A few months ago, as we ate oatmeal for breakfast, I read to my girls about Moses and the burning bush. My 3-year-old appeared deep in thought. When she spoke as I paused to turn a page, her statement left me speechless: “I know, mommy, let’s have doughnuts!”
I wasn’t speechless because she shared some deep insight or asked an insightful question. I was speechless because I realized she was not thinking about the story, but about yummy rings of fried dough.
If you have kids, then you’ve probably had similar experiences. Kids, particularly young ones, have short attention spans and they’re prone to wiggling because they have lots of energy. This makes having family devotional times challenging! One minute you’re praying and the next you have one child doing a somersault in the middle of the floor, one child asking for a drink of water, etc.
Having family devotional times is so valuable—even when these times resemble a circus! Here’s why.
How “distracted” family devotional times benefit our kids
- They’re picking up concepts even when they don’t seem to be paying attention. When our kids are fussing, playing, or doing anything but sitting still and listening, it seems like they aren’t learning from the devotions. This simply isn’t true. Kids, especially young kids, are very curious and tend to explore everything around them. This means their attention is spread out, even when we ask them to focus. Though they can’t focus their attention on one specific thing in the same way adults can, they often end up noticing and remembering a wide variety of details (source). In other words, though our young kids may wiggle and get distracted during family devotions, the words and concepts contained in the Bible stories, songs, and prayers are still sinking into their minds.
- They’re seeing that prayer, worship, and Bible reading are priorities for mommy and daddy. The adage that “actions speak louder than words” is perhaps more accurate in parenting than in any other context. If our kids don’t see that the disciplines of reading the Bible, praying, and worshiping are important to us, then it is unlikely they will make these priorities for themselves. The converse is also true. If they see that these are important to us, then it is likely our kids will make these disciplines priorities in their own lives.
- They’re forming a habit. In our busy lives, it’s a lot easier to spend regular devotional time with the Lord when doing so is a habit. No, I’m not saying we should set aside time for devotional activities simply because it’s a habit. We should do this because we love God and want to spend time talking to Him, worshiping Him, and reading about Him. However, it’s a lot harder to do this when it’s a new practice than when you’ve grown up doing it.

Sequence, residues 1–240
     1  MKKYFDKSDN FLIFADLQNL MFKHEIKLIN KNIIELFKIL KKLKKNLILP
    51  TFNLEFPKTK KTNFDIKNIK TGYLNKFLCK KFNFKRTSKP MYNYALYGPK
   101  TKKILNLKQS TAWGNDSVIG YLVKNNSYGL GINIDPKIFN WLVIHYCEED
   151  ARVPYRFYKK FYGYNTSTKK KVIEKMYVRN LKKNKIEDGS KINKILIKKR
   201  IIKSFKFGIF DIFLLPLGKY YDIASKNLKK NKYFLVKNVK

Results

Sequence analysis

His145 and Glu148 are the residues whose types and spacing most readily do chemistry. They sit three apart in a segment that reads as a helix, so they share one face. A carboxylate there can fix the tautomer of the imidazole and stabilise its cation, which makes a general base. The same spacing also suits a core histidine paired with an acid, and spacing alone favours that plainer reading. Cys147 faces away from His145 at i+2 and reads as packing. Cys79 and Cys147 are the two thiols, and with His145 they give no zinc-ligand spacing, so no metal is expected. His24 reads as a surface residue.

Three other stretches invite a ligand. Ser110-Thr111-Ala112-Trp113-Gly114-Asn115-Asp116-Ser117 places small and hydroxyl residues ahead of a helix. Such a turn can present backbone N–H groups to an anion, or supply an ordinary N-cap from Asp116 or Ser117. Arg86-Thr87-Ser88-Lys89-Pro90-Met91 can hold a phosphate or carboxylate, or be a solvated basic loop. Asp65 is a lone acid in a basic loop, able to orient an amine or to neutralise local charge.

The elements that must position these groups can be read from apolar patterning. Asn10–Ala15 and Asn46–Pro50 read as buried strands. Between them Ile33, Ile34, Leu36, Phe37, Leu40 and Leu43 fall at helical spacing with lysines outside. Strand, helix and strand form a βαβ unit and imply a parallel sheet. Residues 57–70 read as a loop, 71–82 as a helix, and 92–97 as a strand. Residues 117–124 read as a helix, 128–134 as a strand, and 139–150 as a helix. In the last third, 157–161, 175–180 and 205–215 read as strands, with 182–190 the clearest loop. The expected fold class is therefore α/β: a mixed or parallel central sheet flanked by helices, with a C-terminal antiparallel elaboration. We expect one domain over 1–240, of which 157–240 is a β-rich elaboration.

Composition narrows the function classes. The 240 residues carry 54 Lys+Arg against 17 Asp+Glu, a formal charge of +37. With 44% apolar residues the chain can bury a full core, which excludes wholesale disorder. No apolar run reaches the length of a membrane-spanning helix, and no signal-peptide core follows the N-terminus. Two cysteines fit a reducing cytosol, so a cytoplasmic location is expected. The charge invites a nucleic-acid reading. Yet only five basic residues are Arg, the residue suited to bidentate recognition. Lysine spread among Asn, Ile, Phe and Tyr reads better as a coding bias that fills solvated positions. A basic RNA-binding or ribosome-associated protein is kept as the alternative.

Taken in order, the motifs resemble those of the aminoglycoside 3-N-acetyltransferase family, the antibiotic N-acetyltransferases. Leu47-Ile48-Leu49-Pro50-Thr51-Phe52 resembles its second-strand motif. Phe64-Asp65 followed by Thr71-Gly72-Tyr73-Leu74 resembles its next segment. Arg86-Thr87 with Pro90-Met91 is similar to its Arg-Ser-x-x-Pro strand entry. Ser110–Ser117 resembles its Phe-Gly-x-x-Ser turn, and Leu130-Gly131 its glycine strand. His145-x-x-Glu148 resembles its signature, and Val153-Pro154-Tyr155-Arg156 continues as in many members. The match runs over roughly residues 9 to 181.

- They’re learning to be reverent and still. Our kids won’t wake up someday and magically know how to sit still in church or be reverent when praying and reading the Word. We have to model these things for them and teach them why these are important. The few hours we spend each week in organized activities such as church and Bible studies aren’t sufficient for most of us to teach these things to our kids. When we have family devotions, though, we have plenty of opportunities to teach these things.
Two passages from the Bible keep coming to mind as I think about this topic:
“As the rain and the snow come down from heaven, and do not return to it without watering the earth and making it bud and flourish, so that it yields seed for the sower and bread for the eater, so is my word that goes out from my mouth: It will not return to me empty, but will accomplish what I desire and achieve the purpose for which I sent it.” Isaiah 55:10-11
“Do not be deceived: God cannot be mocked. A man reaps what he sows. Whoever sows to please their flesh, from the flesh will reap destruction; whoever sows to please the Spirit, from the Spirit will reap eternal life.” Galatians 6:7-8
When we speak God’s Word to our kids, it doesn’t return empty. When we sow into them the disciplines of reading the Word, worship, and prayer, we reap kids who practice these same things. Even if none of this was true, it would be good and right for us to persevere in having devotions with our kids because it is one way we can be obedient to God’s directive that we impress the Lord’s commands on our children (Deuteronomy 6:4-9).
Next week we’ll consider some practical ways that we can keep our kids engaged during family devotions.
Do you have devotions with your kids? Do these devotions ever look like a circus? When they do, what inspires you to keep at it?